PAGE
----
There is a low tremulous sound swinging backward and forward all the time. The poet implies that this sound suggests the eternal note of sadness in human life. Arnold in 'Dover Beach' notes how the pebbles of the sea rolled by the sea-waves bring into the mind the “eternal note of sadness.” Here he points out that in ancient times Sophocles heard the same sound of the pebbles on the shore, and it reminded him of the ebb and flow of human misery. In his Antigone Sophocles expressed this thought. Now this poet hears the sound of this Dover Beach, and he finds in it the same thought.
The poet explains the gradual loss of man’s faith in a grand and suggestive simile. He compares faith in religion to a sea that surrounds the world. The sea has its full tide, and then it ebbs away with the mournful music over the pebbles and the grating of the pebbles brings the “eternal note of sadness in”. The poet reminds the world in which there was full of faith and men believed in religion. But now that faith is gradually passing away and men’s minds are like pebbles on the shore. The passing of faith causes the minds to be isolated in the border between belief and disbelief. It is a sad melancholy state. When the poet hears the grating roar of pebbles of the sea, he is reminded of the “melancholy, long, withdrawing roar” of faith as it retreats from men’s minds. It is a chilly prospect, like the breath of the night wind, and it brings into the mind a dreary feeling of helplessness, as though the mind is left stripped and bare on the vast and dreary edges of an unknown land.
The lines from 'Dover Beach' give bitter expression of Arnold’s loss of faith, his growing pessimism. The world seemed to be strangely unreal, without anything real to cling to on grasp. It has variety, beauty and freshness. But it is all blind negation: there is in it neither love nor joy nor light nor peace. There is nothing certain in it. Therefore he compares men struggling in the world with armies struggling on a plain at night. There is a sound of confused alarms and struggles, but the soldiers are ignorant as to what they are fighting for and why.
'Dover Beach' is one of Arnold’s typical poems. It expresses frequently the lack of faith and certitude which was the principal disease of the Victorian age. The first stanza opens with a calm, bright moonlit sea which reflects the serene, peaceful, receptive mood of the poet. He calls upon his companion to share the sweetness and tranquility of the night air and even as he does so, he is conscious of ‘the grating roar’ a harsh sound which disturbs the peace, the calm and the sweet music. The stanza ends on a ‘note of eternal sadness’, that ‘still sad music of humanity’ disturbs the calmness of mind and spirit as much as the calm bay. Here he points out that in ancient times Sophocles heard the same sound of the pebbles on the shore, and it reminded him of the ebb and flow of human misery. In his Antigone, Sophocles expressed this thought. Now Arnold hears the sound of this Dover Beach, and he finds in it the same thought.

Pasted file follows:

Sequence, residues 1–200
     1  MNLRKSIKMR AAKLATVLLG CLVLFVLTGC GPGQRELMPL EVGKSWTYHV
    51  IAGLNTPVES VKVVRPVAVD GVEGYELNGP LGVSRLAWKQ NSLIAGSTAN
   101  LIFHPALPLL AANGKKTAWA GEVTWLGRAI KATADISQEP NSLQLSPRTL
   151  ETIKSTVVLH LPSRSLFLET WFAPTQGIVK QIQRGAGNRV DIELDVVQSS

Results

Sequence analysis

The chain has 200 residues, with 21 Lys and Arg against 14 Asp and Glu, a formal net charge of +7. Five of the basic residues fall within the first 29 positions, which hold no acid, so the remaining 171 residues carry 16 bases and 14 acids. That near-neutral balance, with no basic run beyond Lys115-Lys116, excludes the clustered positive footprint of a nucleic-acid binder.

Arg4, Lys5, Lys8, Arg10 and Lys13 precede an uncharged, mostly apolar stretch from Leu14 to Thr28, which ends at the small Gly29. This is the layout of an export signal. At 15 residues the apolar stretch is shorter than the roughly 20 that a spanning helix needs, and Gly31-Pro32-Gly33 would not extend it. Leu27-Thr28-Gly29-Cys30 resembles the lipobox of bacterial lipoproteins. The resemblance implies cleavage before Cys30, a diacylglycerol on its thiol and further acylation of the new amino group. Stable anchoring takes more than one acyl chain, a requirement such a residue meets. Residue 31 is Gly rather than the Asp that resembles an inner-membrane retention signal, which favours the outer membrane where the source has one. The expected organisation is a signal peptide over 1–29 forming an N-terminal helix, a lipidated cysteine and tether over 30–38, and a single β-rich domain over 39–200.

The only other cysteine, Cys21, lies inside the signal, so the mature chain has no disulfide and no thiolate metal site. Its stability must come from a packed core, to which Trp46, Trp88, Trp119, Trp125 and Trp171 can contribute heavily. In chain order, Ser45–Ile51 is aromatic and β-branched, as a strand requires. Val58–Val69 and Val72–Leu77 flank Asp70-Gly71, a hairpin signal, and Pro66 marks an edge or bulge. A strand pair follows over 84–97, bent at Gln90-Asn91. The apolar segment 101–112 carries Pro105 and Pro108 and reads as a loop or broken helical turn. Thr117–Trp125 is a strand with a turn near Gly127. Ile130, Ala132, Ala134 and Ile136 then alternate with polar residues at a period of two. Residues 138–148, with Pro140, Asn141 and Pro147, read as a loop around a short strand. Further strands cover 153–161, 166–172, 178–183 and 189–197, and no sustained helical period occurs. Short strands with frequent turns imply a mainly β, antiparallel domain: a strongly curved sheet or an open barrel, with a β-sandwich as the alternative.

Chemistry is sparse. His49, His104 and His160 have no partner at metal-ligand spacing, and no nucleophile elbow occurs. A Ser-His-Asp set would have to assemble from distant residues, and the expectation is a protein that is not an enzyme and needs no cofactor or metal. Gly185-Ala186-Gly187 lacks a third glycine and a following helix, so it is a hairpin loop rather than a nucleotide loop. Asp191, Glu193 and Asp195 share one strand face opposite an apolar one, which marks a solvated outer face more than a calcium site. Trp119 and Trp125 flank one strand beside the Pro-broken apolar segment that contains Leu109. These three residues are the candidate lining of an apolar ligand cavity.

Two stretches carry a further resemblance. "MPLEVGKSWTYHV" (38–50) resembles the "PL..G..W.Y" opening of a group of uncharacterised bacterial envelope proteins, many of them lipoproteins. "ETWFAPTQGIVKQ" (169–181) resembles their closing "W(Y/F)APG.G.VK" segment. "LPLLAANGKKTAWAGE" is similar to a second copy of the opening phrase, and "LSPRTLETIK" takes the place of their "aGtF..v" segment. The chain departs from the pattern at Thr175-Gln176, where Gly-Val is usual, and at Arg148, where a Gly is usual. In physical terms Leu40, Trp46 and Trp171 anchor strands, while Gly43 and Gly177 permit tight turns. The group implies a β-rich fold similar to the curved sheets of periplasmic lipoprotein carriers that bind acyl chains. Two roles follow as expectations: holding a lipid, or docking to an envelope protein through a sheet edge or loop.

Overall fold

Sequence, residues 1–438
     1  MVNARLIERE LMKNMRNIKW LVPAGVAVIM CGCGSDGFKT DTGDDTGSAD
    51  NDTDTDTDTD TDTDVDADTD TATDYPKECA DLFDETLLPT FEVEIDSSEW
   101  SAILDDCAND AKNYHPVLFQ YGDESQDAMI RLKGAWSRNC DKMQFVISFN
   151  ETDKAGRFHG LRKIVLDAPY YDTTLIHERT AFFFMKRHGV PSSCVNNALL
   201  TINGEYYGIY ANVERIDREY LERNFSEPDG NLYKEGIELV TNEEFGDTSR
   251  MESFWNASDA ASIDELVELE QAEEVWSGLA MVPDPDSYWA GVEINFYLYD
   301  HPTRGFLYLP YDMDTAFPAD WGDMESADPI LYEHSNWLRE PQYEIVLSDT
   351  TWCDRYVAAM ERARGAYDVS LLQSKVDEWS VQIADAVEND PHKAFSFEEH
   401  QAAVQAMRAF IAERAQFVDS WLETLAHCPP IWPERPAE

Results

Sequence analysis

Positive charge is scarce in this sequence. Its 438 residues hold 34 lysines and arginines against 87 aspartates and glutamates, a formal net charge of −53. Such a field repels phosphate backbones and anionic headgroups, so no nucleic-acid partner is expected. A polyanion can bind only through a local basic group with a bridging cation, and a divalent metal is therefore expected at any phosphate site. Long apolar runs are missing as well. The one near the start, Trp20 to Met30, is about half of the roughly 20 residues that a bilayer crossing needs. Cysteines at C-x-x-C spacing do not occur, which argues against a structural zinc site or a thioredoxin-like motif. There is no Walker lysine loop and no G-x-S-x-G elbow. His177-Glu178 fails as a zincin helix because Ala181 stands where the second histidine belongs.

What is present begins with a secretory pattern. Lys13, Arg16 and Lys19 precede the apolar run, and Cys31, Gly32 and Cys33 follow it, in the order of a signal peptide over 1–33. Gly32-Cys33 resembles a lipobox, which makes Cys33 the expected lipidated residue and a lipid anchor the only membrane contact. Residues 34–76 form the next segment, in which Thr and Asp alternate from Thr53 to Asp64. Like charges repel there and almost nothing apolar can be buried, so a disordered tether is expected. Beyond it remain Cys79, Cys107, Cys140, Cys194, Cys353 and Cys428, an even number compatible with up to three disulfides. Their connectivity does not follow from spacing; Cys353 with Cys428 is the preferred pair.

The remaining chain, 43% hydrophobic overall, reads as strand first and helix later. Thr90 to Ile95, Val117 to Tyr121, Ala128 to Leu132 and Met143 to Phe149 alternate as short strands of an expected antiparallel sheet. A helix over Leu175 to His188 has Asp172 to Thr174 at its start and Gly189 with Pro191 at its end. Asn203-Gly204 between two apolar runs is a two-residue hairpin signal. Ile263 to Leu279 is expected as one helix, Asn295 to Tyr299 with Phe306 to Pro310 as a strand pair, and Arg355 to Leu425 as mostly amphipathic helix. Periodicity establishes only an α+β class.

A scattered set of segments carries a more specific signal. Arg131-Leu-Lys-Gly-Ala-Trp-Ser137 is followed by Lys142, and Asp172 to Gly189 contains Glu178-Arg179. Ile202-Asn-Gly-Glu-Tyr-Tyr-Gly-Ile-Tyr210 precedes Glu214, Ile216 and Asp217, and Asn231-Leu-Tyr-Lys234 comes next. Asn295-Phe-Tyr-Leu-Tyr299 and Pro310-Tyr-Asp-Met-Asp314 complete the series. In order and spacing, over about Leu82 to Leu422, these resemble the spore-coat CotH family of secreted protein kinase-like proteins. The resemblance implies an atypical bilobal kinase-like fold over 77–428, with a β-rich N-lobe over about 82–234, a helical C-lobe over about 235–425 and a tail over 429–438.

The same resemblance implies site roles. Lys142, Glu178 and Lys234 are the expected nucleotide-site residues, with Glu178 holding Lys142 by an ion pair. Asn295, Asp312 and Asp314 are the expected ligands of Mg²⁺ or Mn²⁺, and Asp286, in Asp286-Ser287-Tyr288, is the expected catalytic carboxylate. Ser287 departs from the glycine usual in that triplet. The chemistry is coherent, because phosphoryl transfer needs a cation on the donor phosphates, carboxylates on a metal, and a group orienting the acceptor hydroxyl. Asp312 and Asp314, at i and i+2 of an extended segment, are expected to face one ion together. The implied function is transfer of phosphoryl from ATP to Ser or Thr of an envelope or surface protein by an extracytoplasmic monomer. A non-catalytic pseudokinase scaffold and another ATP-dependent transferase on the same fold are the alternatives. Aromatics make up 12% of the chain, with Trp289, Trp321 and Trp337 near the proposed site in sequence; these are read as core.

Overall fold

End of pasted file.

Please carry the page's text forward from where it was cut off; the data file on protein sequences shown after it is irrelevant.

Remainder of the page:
In the second stanza the poet effectively uses a metaphor where the ebb and flow of human misery is compared to the tides of the sea. The fortunes of Oedipus are like the ebb and flow of the sea sand and the retreating tide is a symbol of the loss of faith. Arnold describes the slow and solemn rumbling sound made by the sea waves as they swing backward and forward on the pebbly shore. The poet implies that this sound suggests the eternal note of sadness in human life.
The poem falls into two parts. In the first part, Arnold speaks of the resonances of sea-waves on the pebbly shore. In the second he speaks of armies struggling ignorantly at night. There is perhaps not very clear connection between the earlier and the latter part. Yet the poem reads well because it is held together by a unity of sentiment. The two descriptive analogies are drawn from classical sources, but the unifying sentiment is romantic in its haunting pessimism and lack of faith.
Arnold through 'Dover Beach' describes the effects of industrialization of the 19th century England. Victorian world was changing very rapidly with the growth of science and technology. This poem condemns the loss of faith, religion and the meaning of life resulting from the industrialization and advancement in science and technology.
Arnold describes the difference between the appearance and reality of the Victorian world. It looks new and beautiful like a land of dreams but in reality this world does not really have joy, love, light, peace, certitude or any help for pain. He describes the world as a dark plain which is becoming even darker as the time passes. He compares the people struggling and running in their ambitions to the armies fighting at night, unknown of why and with whom they are fighting.
Although, this poem had shown the loss of faith, religion and love of 19th century it is similar in the context of the 21st century as well. People have lost their faith in God. They are engaged in commerce. They have become materialistic which has decreased their satisfaction in life. They are more isolated and lonely. Now, they have forgotten “us” and only remember “I”. So, the poet wants to aware all the human being from this disaster created by the sufferings, sorrows and melancholy. The only way out of this disaster according to Arnold is to love and to have a faith in one another and do believe in God and live in reality rather than the land of dreams.
Arnold’s skillful use of elaborate similes and lively images has made the message of the poem even more poignant.